I also marvel at the fury sometimes evident in those who attack others for examining and questioning their own worldview. If the repercussions of converting weren’t so serious, it would almost be comical to see the animosity of the responses. But what this revenge demonstrates so strongly is an inbuilt belief that conversion is wrong. And why is conversion so forbidden?
It circles back again to the one notion that all religions subscribe to—the notion of exclusive truth. I have also introduced a fourth character, Richard, a fictional traveler to India who converses with Subramaniam on the road to Mathura and later eavesdrops on the conversation between Jesus, Krishna, and Subramaniam.
Richard does not lean heavily behind the curtain, as Subramaniam does, but it is my hope that he will someday—as it is my hope that all people who seek spiritual truth will. Another factor is at stake in the following discussion: it is easy to take the weakest aspect of a worldview and exploit it. But that is not what I wish to do. When one encounters expressions of belief that are openly affirmed and followed, even when they seem bizarre, one must ask the hardest questions. One must examine the stronger aspects of any worldview as well.
At base, one of my consistent premises throughout this series is that the popular aphorism “All religions are fundamentally the same and only superficially different” simply is not true. It is more correct to say that all religions are, at best, superficially similar but fundamentally different.
In the pages to come, I hope that the vast differences between Christianity and Hinduism will become very evident in this imaginary dialogue. Yet it is important to remember that, as different as these faiths are, we must learn to accept those differences peaceably. Still, let us not be so mindless as to think that Christianity and Hinduism are saying the same thing and that, in the end, the differences do not really matter. Both claim to be true and legitimate. This rationally implies, then, that it does matter what you believe. That is what this imaginary dialogue is about.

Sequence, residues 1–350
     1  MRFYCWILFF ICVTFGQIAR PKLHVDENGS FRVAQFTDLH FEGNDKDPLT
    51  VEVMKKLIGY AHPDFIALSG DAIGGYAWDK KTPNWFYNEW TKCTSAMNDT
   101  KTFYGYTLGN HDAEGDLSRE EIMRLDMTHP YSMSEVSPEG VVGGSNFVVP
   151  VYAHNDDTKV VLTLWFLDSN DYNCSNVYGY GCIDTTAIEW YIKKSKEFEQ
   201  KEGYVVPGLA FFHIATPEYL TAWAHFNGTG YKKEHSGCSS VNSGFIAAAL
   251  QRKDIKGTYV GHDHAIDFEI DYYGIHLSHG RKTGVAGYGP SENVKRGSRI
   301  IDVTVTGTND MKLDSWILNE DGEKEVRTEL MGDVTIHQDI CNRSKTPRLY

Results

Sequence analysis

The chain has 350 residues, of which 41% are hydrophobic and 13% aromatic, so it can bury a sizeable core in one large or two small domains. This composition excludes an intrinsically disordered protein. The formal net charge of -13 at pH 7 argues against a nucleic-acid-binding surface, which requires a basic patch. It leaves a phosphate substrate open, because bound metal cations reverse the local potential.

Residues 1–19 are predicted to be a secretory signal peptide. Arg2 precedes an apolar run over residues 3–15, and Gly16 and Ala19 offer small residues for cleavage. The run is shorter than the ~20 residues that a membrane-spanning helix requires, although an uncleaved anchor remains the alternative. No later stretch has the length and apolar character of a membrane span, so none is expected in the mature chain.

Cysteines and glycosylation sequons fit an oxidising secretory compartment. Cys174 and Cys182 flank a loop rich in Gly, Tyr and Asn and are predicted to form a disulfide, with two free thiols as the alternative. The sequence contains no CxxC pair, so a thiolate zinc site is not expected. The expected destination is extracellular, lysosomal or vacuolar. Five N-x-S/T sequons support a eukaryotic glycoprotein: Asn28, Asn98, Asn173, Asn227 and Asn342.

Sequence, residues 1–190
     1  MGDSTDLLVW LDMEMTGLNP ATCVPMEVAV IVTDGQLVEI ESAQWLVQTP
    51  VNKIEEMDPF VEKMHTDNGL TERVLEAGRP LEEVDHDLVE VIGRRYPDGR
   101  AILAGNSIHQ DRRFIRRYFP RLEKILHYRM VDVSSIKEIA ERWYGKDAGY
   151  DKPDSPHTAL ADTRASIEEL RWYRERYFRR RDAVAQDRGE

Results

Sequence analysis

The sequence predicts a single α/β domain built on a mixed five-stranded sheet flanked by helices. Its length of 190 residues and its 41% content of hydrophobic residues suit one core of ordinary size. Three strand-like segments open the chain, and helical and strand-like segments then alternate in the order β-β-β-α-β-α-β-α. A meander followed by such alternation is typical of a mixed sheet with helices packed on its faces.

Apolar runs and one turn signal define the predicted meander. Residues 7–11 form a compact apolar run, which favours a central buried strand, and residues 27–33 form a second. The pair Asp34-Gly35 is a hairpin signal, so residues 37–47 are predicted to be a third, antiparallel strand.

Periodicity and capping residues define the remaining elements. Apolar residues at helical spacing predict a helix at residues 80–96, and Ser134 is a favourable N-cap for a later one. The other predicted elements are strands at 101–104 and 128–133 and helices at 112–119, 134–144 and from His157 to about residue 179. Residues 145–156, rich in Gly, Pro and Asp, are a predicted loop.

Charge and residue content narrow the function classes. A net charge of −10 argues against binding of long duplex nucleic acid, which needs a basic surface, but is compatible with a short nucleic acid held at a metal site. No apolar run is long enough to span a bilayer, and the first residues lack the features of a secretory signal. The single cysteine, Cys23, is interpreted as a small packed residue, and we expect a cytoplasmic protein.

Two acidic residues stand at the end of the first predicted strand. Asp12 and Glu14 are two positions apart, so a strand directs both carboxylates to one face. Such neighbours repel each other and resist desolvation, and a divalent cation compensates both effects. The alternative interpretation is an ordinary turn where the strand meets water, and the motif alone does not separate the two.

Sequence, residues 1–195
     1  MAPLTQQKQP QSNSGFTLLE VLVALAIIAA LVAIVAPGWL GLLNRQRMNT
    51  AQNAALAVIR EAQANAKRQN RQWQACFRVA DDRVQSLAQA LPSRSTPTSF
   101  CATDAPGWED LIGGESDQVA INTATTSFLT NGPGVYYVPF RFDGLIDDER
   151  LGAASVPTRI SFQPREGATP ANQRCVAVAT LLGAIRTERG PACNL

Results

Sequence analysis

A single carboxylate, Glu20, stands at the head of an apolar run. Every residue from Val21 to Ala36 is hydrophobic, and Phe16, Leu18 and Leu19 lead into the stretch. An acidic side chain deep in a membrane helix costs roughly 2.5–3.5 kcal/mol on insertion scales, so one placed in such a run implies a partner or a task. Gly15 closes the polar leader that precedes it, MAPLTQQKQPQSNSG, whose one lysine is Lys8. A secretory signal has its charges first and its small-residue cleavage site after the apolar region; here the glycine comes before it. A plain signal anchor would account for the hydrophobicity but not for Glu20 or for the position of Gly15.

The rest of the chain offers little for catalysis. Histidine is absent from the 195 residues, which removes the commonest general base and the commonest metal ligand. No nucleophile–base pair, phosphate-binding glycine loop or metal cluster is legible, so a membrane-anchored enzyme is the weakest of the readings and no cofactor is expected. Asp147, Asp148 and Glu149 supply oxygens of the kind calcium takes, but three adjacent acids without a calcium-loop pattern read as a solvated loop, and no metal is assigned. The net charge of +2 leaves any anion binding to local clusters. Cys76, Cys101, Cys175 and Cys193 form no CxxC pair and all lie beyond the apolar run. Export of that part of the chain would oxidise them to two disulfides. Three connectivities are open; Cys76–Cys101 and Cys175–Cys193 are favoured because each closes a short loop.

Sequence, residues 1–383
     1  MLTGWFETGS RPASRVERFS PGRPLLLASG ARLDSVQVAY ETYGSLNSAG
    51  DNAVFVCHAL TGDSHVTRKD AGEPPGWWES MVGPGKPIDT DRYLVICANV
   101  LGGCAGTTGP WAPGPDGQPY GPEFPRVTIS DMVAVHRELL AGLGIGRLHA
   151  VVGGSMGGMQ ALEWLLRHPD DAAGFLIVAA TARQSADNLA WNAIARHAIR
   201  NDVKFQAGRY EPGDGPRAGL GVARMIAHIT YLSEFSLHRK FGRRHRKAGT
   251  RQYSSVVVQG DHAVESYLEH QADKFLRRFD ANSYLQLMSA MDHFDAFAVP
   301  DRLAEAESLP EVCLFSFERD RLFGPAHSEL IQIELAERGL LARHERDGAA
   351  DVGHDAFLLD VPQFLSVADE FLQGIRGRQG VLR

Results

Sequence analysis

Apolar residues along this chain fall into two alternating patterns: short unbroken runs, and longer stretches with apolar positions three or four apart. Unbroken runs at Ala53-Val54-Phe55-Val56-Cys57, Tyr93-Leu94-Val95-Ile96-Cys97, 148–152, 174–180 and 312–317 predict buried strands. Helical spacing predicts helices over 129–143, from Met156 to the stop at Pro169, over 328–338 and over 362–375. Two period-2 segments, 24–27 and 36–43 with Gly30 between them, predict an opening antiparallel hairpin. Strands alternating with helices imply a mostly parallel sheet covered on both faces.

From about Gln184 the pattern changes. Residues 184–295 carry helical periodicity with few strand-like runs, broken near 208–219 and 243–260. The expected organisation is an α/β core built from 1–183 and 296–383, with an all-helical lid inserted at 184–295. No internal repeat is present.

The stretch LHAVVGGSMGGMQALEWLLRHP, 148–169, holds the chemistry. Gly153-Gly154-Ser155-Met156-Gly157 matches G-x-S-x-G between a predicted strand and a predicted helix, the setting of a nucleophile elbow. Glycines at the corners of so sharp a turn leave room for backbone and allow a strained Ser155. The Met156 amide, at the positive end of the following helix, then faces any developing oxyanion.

Most Helpful Customer Reviews
Comprehensive and easy to read and understand, Birth or Rebirth covers many of the similarities and differences between Hinduism and Christianity through fictional dialogue. I'd recommend this book to anyone who wants to better understand Hinduism, or those who have friends who are searching for truth, or believe that all religions point to the same God.
I bought this book hoping I'd learn a lot about the difference between Jesus and Krishna in a good, non-biased manner. Instead, this book reads like a schizophrenic author going back and forth between biased ideas. The author uses very few references and put his own thoughts, ideas and views down. It's like he's saying "This is what Jesus would say if I were him." There's no questioning what the author believes and he makes sure the conversation is biased toward his beliefs. The author also inserts phrases I'm sure he thinks are funny, but that are so out of place it's laughable. He introduces his Blackberry to Krishna and tries to explain it to him. This book would have been so much better had he presented beliefs in a non-biased way, backed up by more references and in a non-conversational way. If Krishna is who he claims to be, I'm pretty sure he'd know what a Blackberry is.